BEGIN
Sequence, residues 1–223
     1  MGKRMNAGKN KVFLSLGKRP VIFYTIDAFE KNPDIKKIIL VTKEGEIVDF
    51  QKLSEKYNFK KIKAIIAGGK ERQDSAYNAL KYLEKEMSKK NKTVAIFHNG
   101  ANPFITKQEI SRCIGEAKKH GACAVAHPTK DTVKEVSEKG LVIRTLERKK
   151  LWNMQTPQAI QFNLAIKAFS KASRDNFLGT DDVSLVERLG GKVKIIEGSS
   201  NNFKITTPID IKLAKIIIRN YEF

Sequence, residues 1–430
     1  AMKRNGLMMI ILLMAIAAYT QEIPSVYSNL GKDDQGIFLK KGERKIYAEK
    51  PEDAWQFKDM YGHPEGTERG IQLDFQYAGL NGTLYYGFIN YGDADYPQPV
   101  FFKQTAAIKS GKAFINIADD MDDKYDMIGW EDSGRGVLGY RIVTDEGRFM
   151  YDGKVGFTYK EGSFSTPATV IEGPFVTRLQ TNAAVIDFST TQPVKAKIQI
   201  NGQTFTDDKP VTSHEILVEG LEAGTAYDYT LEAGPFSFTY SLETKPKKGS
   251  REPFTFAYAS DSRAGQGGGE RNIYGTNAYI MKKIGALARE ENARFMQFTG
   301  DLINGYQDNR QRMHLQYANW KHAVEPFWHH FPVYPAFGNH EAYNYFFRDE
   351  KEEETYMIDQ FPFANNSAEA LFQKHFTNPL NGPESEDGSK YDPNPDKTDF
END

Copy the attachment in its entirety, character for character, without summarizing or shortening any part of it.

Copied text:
Sequence, residues 1–223
     1  MGKRMNAGKN KVFLSLGKRP VIFYTIDAFE KNPDIKKIIL VTKEGEIVDF
    51  QKLSEKYNFK KIKAIIAGGK ERQDSAYNAL KYLEKEMSKK NKTVAIFHNG
   101  ANPFITKQEI SRCIGEAKKH GACAVAHPTK DTVKEVSEKG LVIRTLERKK
   151  LWNMQTPQAI QFNLAIKAFS KASRDNFLGT DDVSLVERLG GKVKIIEGSS
   201  NNFKITTPID IKLAKIIIRN YEF

Sequence, residues 1–430
     1  AMKRNGLMMI ILLMAIAAYT QEIPSVYSNL GKDDQGIFLK KGERKIYAEK
    51  PEDAWQFKDM YGHPEGTERG IQLDFQYAGL NGTLYYGFIN YGDADYPQPV
   101  FFKQTAAIKS GKAFINIADD MDDKYDMIGW EDSGRGVLGY RIVTDEGRFM
   151  YDGKVGFTYK EGSFSTPATV IEGPFVTRLQ TNAAVIDFST TQPVKAKIQI
   201  NGQTFTDDKP VTSHEILVEG LEAGTAYDYT LEAGPFSFTY SLETKPKKGS
   251  REPFTFAYAS DSRAGQGGGE RNIYGTNAYI MKKIGALARE ENARFMQFTG
   301  DLINGYQDNR QRMHLQYANW KHAVEPFWHH FPVYPAFGNH EAYNYFFRDE
   351  KEEETYMIDQ FPFANNSAEA LFQKHFTNPL NGPESEDGSK YDPNPDKTDF